- In a late episode of Soap Jodie and Maggie track his Baby Mama and daughter to a kung fu castle somewhere in California. He watches two men fight, one of whom is a giant guy (the same actor who fights Indiana Jones in Raiders before he gets killed by the plane propeller). After the big guy wins his fight, it's Jodie's turn with him. It isn't explicitly stated that he has to beat him to get in, but it's strongly implied. Jodie manages to beat the big guy with a Vulcan nerve pinch.
- A variation: In an episode of The Jeffersons Jenny is a journalist and embeds herself with a street gang in order to do an "inside" story about them. One of the gang members she meets is a pledge; he has to participate in a gang fight before he can become a full member. That evening the gang has a fight with another gang, and the pledge is killed during it.
- There's an episode of OZ where mafia Don Antonio Nappa has a bad Gut Feeling about one of the new members of the black gang he's allied with, and tells its current leader to put the guy through whatever sort of Initiation Ceremony they have (so that the guy proves himself) or to kick him out. They initiate through one of these, the variation where everyone in the gang attacks the new member and the new guy has to try to survive it. As the guy in question was an undercover cop, Nappa was entirely right to be worried.
- Done in 1000 Ways to Die when an actor joins a gang to help him get in character for a mob film. He has to endure the No-Holds-Barred Beatdown variant of the trope.
- On NCIS: Los Angeles, Sam Hanna faces one of these to infiltrate a gang. Because he's a badass former SEAL, he gives as good as he gets.
- On Riverdale, Jughead goes through one as the final test of him becoming a member of the South Side Serpents.
- A variation in The Equalizer. An episode opens with a youth being beaten up by gangbangers. Rather than proving his fighting skills, it proves he can handle anything the police might dish out so he won't talk if caught.
- Admission to the Clan Military in BattleTech includes this. Referred to "The Blooding", at the end of their training Clan Warrior Caste cadets have to fight a live-fire duel against three established Warriors (one at a time) in their respective specialization (Mechwarriors in BattleMechs, pilots in aerospace fighters, Elementals in, well, Elemental battlearmor). If they survive and defeat at least one of the warriors they are accepted into the Caste. Defeating more than one means they enter the caste with a promotion.
- In the "Tuala Morn" setting for Fantasy Hero, a person who wishes to join a king's warband must challenge a current member to a fair and non-lethal fight. Winning doesn't guarantee acceptance (a king can turn down a person who won the fight, but is known to be dishonorable), but losing guarantees rejection.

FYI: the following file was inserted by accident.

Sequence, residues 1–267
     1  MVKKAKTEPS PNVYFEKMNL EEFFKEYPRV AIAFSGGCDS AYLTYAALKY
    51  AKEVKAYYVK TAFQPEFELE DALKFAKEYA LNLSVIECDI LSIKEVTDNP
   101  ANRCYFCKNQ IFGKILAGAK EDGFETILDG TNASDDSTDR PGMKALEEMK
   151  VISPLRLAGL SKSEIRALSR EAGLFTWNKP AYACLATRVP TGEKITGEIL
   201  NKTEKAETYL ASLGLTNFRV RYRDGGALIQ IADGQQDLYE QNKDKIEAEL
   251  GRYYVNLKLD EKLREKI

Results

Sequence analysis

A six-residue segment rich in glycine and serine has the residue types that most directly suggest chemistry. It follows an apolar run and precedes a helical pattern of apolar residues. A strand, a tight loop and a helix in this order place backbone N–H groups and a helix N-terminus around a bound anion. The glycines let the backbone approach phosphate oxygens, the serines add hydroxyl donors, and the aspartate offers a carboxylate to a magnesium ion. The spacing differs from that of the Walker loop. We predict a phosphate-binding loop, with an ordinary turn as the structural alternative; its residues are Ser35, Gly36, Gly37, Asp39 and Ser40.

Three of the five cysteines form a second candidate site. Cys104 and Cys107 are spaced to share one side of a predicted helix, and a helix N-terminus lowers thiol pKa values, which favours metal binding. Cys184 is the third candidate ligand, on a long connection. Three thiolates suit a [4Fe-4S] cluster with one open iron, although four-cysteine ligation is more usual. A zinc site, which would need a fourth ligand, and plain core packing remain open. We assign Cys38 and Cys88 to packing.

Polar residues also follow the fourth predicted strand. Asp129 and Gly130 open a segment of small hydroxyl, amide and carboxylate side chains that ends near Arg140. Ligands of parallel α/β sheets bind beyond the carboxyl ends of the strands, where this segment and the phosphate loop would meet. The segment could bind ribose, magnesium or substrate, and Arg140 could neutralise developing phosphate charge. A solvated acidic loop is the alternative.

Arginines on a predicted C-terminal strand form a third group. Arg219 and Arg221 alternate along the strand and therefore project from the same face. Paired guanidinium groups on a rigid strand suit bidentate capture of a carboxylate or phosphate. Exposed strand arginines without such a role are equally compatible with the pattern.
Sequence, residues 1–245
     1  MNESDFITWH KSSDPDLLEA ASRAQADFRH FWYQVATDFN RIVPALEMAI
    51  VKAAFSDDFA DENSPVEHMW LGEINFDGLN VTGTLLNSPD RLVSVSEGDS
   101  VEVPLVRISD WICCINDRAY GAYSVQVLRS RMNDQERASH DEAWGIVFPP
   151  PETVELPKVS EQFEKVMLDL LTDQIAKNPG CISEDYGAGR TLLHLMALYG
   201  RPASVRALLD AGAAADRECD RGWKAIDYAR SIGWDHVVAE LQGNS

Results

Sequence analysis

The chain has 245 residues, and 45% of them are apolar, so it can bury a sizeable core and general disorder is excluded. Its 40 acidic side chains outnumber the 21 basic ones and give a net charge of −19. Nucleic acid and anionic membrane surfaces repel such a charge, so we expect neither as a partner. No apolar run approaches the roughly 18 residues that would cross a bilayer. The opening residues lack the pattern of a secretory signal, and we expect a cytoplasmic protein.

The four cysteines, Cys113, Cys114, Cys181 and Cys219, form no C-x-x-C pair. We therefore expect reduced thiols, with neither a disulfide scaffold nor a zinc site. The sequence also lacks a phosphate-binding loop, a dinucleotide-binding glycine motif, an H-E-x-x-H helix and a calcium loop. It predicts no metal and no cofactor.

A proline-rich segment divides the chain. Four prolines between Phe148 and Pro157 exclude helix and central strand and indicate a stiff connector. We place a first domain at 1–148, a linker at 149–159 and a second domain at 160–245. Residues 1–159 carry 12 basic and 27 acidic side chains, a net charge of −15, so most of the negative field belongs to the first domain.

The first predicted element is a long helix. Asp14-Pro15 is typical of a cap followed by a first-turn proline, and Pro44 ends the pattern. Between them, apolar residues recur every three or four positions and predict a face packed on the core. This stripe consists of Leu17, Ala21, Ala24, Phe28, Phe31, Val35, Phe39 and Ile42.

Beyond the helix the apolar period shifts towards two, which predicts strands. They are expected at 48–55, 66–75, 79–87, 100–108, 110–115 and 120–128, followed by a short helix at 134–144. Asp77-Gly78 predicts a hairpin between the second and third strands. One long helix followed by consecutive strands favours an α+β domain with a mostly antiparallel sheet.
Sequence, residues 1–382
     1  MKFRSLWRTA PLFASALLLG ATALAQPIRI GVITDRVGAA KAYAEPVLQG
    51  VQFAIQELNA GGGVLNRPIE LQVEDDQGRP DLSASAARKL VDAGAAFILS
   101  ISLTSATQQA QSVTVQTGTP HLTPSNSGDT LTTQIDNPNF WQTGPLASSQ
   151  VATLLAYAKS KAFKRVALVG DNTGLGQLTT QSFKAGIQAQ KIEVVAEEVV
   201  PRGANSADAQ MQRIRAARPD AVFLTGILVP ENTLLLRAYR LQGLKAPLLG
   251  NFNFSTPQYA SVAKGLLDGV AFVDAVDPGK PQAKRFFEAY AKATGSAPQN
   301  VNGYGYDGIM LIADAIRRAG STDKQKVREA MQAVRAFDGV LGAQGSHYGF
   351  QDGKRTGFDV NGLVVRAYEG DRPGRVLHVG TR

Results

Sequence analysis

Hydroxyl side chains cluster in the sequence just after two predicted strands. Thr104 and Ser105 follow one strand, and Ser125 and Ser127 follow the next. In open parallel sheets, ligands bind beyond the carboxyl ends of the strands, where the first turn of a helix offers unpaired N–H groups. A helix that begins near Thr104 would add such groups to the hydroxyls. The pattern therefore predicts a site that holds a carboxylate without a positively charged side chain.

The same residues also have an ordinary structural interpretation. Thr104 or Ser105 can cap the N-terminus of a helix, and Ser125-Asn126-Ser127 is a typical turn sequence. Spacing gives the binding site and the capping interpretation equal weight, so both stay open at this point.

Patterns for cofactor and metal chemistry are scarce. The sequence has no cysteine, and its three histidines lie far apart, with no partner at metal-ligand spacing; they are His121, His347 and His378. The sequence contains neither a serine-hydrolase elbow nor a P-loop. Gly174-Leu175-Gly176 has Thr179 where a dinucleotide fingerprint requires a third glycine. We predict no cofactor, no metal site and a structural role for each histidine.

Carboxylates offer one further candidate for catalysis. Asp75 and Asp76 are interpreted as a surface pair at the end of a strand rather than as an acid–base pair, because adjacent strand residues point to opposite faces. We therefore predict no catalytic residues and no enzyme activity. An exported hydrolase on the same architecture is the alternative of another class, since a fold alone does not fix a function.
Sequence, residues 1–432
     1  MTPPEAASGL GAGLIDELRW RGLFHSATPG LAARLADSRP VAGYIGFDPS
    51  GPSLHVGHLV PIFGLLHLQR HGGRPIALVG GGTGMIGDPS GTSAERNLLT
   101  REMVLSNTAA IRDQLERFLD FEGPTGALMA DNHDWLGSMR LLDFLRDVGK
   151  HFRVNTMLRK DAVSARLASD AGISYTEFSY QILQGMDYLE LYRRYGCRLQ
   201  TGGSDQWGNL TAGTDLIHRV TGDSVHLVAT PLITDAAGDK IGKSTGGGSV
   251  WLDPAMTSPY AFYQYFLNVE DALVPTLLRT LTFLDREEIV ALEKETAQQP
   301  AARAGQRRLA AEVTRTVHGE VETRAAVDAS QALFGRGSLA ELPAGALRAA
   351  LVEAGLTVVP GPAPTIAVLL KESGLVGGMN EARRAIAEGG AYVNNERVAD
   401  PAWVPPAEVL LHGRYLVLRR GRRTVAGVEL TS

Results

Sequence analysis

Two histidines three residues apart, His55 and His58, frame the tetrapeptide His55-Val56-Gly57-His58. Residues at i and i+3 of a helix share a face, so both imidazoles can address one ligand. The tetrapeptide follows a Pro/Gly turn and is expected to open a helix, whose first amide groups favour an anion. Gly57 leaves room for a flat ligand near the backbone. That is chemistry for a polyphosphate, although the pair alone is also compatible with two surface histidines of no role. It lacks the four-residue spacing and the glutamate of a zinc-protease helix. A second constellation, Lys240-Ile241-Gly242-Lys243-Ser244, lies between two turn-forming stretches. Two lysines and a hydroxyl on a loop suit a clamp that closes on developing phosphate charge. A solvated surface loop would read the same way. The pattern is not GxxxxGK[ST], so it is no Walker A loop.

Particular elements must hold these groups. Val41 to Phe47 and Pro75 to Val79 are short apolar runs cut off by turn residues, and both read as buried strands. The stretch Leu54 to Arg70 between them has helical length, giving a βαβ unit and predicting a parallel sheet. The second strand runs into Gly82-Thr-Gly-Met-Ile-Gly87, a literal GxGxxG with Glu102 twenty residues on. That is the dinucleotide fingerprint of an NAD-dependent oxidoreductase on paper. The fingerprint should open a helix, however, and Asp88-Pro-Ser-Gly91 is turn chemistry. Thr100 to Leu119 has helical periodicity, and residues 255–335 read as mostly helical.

- Warhammer 40,000: Among the grueling trials passed by those chosen to become Space Marines (combine every urban legend on Special Forces training, square them, add invasive and semi-safe surgical procedures and make the applicant less than fifteen), several Chapters include fighting against actual Space Marines. The object of course not being to defeat them but see how long they last. If a candidate actually suceeded in killing a centuries-old seven-foot-tall Power Armored killing machine, he'd likely be executed for being aided by Chaos.
- Shadowrun: The Yardies have a particularly brutal version of this. The gang is known for being exclusive to orks and trolls because their initiation is for the gang to surround a new recruit and mercilessly pummel them for several minutes. Fighting back or attempting to defend one's self in any way is strictly forbidden. Metahumans of other types just aren't tough enough to take that kind of punishment, and even trolls are regularly killed by it. It's pretty much guaranteed that anyone who actually lives through it will suffer injuries so severe that they need cyberware replacements.
- Werewolf: The Forsaken: Joining the Blood Talons requires you to win a fight. The exact nature of the fight depends on the nature of the new recruit; it ranges from a straight-up brawl to having to face a weaker but unbelievably annoying opponent without entering frenzy. The only constant is that, at some point, the new recruit receives a serious wound; the resulting scar is proof you're a Blood Talon.
- In Def Jam: Fight For New York, D-Mob's men want to see how you do against Mighty Glacier House, (who is probably the biggest guy in their gang) before they let you in. However, it's mostly there just as an excuse to give you a tutorial.